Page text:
Note: This is for general interest information only and cannot be considered financial, tax, or legal advice. If you want to get tax, legal or financial advice, contact a certified professional.
Taxes aren’t a topic we want to deal with on a daily basis. I mean, taxes are certainly important, but it’s still a very confusing topic for many people, especially if you’re not involved in the finance industry.
As a result, there are various misconceptions about how long the IRS is collecting back taxes. Some people believe that if they owe IRS taxes, it will continue until they pay the debt in full, regardless of the time that has passed since the debt was incurred.
The good news is this is not always true and in this article, I will give you the details.
There is such a thing as a collection statute expiration date (CSED), which sets a limit of 10 years for collecting taxes from the time the delinquent taxes are assessed. Although, even this statute has exceptions. However, in most cases, many people get relief from tax debts owed to the IRS.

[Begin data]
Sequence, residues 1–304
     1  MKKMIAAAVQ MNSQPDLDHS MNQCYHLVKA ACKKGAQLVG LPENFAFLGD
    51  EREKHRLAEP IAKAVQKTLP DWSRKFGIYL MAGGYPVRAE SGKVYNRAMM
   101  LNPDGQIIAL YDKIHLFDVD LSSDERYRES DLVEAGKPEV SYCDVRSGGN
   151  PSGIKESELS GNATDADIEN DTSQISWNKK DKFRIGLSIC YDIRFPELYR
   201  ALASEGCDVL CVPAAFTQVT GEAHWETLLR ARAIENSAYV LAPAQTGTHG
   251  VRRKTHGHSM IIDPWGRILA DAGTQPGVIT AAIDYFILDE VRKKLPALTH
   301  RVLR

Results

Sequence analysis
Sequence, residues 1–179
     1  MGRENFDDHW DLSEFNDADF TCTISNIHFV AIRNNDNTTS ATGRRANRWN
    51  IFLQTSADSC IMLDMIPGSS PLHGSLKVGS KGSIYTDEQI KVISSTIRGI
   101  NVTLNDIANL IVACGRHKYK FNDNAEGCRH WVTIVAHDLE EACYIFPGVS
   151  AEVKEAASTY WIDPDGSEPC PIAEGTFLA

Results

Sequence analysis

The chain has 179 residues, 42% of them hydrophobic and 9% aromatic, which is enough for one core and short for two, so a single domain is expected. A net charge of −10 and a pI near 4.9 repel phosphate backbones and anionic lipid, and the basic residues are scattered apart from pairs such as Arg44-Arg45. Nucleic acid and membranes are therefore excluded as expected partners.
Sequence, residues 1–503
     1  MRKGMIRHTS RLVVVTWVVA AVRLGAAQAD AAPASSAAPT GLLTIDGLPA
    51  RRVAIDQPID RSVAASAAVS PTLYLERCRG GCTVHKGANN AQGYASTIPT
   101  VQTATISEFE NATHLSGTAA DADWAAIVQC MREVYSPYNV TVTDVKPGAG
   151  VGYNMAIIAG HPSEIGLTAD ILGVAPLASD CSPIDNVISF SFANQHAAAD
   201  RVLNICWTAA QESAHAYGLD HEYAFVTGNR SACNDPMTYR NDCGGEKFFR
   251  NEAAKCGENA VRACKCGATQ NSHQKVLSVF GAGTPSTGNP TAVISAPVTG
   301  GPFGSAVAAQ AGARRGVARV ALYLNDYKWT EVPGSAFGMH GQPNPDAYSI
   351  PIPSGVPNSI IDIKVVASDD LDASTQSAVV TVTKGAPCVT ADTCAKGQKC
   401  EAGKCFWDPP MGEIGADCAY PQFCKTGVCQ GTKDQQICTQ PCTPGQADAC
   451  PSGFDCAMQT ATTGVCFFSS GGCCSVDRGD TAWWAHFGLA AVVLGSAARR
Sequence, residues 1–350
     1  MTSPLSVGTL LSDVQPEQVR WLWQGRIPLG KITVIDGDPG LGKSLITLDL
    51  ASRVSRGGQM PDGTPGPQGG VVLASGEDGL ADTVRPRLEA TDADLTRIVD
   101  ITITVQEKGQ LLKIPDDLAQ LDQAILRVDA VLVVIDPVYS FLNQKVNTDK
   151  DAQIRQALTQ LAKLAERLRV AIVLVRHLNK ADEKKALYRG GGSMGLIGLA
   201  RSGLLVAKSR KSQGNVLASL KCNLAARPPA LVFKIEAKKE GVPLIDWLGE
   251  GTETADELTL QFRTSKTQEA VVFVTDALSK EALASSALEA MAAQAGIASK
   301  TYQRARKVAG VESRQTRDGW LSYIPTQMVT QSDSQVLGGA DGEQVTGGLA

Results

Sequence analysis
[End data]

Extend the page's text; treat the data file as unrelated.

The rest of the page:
Still, it’s important for you to know that the closer the deadline comes, the more proactive the IRS will be to get a tax levy. This means that you have to be careful about what type of installment agreement you choose.
I don’t recommend acting on your own in these situations, because if you are inexperienced, there is a high chance that you will make a mistake. It is better to find an experienced certified tax resolution specialist (CTRS) to get the best solution to your problem.
How long is the IRS collections period
As I said, under the collection statute expiration date (CSED), the collection period is usually 10 years (although there may be exceptions).
It begins on the date of the last assessment, the date the form was filed and signed, or if you didn’t file the form, the start count for collection statute expiration date will be the date stated in the owe assessment document sent to you by IRS.
Can the IRS collections period last more than 10 years
Yes, this period can last more than 10 years. Including if you filed for bankruptcy and the court issued an order that prohibits you from taking measures to collect taxes. In this case, the stay will last for the entire duration of the bankruptcy proceedings + another six months.
The second case is if the IRS is considering a compromise offer or installment plan. Also, if you have lived outside the U.S. for more than six months in a row, the collection period will also not resume until you return to the U.S.
Either way, you need to contact a reliable CTRS to get more detailed advice on this issue.